• Ruth Tang writes poetry and plays. Her poetry has appeared in the Quarterly Literary Review Singapore. She has also won at the 2016 National Poetry Competition Singapore and been longlisted for the University of Canberra Vice-Chancellor’s International Poetry Prize 2016. She co-edited SingPoWriMo 2016: The Anthology with Joshua Ip and Daryl Yam.
• Eoghan Walls was born in Derry, and has lived in Ireland, Germany, Rwanda and Scotland. He has received an Eric Gregory Award, an Irish Arts Council Bursary and his first collection, The Salt Harvest, was published by Seren in 2011, and was shortlisted for the Strong Award for Best First Collection. He lectures Creative Writing at Lancaster University.
Adam O’Riordan, Senior Lecturer in Poetry Writing, said: “Judges Sarah Howe and Helen Mort worked tirelessly looking through almost two thousand entries. The beauty of the prize is that each entry is looked at by a judge (we don’t use sifters) which means when it came to forming the shortlist each judge had a link to poems we discussed. As ever this was a thrilling and a rigorous process in which we weighed the merits of each portfolio. As it should, in the end it came down to trying poems on our breath; the best defence of any poem was reading it aloud. The poems that made it to the shortlist seemed to live on the page and on the breath. There’s a pleasingly wide range of themes and experiences on show; the concerns of a globalised world in which sensibilities and experiences collide. But in each of the shortlisted portfolios is a sensitivity to the music and rhythm of the English language and also the potential of poetry to see life in new ways; to delight, to disturb to make the reader think and feel.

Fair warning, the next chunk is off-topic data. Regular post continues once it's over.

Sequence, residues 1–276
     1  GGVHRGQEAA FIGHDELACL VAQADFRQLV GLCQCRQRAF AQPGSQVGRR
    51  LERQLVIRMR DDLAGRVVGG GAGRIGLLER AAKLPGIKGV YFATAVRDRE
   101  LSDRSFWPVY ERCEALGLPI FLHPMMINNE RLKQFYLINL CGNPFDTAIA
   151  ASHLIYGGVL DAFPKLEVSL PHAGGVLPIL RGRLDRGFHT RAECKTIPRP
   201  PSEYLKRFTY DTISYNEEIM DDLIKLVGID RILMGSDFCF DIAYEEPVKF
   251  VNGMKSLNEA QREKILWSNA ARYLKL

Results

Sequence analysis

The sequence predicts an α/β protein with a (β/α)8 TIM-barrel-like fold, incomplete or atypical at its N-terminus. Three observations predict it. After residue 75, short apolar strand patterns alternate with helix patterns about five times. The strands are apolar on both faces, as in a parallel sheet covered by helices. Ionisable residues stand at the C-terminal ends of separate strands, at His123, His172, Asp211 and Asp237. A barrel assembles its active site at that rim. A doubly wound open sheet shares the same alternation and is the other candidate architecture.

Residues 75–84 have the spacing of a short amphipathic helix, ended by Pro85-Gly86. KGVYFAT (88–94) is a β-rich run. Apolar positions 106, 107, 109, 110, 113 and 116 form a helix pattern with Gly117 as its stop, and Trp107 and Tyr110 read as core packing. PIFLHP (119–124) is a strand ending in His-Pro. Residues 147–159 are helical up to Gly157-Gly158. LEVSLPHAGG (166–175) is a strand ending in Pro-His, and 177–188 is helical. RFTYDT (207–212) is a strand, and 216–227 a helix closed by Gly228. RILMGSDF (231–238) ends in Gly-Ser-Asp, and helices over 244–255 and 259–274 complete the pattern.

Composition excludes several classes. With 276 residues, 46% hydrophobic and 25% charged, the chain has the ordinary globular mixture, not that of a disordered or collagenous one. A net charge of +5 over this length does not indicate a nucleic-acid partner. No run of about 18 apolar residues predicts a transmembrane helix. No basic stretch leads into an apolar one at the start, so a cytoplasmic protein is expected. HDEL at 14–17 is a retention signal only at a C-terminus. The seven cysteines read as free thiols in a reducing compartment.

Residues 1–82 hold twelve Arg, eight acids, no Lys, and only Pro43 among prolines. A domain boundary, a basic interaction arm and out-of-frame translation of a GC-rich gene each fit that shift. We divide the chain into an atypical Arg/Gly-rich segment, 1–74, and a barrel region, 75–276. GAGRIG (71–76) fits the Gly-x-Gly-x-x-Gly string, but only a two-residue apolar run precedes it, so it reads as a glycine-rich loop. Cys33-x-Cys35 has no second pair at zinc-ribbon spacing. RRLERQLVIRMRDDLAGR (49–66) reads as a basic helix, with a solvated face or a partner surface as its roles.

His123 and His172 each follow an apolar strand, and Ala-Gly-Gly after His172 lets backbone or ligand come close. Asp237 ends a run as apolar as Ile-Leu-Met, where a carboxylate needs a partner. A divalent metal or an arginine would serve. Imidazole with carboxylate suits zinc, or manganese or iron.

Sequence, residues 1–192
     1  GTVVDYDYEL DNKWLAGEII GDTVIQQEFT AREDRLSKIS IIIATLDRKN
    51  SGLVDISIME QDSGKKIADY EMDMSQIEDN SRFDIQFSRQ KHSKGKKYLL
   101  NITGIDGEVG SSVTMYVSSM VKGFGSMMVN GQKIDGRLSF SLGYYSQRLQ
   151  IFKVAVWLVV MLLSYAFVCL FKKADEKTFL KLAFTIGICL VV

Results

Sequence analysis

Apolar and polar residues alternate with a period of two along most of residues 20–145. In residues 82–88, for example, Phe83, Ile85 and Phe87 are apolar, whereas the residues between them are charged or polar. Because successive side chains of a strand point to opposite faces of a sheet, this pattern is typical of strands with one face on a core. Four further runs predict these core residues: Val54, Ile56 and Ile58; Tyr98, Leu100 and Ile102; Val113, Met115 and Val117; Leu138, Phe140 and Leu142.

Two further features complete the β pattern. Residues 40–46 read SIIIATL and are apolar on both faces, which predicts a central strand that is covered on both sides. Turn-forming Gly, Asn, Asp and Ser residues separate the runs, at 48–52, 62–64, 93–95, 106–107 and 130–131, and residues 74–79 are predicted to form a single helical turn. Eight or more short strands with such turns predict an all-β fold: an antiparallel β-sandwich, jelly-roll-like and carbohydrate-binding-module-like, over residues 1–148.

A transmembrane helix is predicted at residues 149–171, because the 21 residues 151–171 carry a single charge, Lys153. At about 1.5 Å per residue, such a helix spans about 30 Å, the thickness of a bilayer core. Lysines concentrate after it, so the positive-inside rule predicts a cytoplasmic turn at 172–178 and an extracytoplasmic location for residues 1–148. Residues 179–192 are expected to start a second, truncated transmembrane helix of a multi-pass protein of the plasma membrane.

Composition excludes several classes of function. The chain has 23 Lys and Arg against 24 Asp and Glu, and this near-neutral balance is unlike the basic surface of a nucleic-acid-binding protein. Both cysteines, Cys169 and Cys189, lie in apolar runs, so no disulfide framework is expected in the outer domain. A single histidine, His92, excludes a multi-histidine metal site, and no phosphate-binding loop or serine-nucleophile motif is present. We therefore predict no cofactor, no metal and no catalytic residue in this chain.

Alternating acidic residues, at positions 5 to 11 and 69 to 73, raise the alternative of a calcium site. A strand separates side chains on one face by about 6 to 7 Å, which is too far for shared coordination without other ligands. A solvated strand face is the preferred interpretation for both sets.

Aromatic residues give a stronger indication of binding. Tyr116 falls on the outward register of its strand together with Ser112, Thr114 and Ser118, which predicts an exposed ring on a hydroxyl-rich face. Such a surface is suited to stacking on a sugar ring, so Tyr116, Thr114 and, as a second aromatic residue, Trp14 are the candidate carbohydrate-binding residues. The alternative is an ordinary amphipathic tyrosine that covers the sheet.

“Eric Berlin’s poems consider memory and nature in powerful and original ways. Dante Di Stefano offers poems which are both formally assured and daringly inventive with a deep connection to literatures of the past. Sakinah Hofler offers intense, powerful and at times searingly raw poems reaching from Mecca to modern day America. Rebecca Tamás give us poems as monologued dream visions blurring internal and external experience to compelling effect. Ruth Tang’s poems are clever and precise. They look at the intricacies and complexities of language with impressive results. Eoghan Wall’s work has an impressive range, showing just how supple poetry can be from the biblical to the everyday.”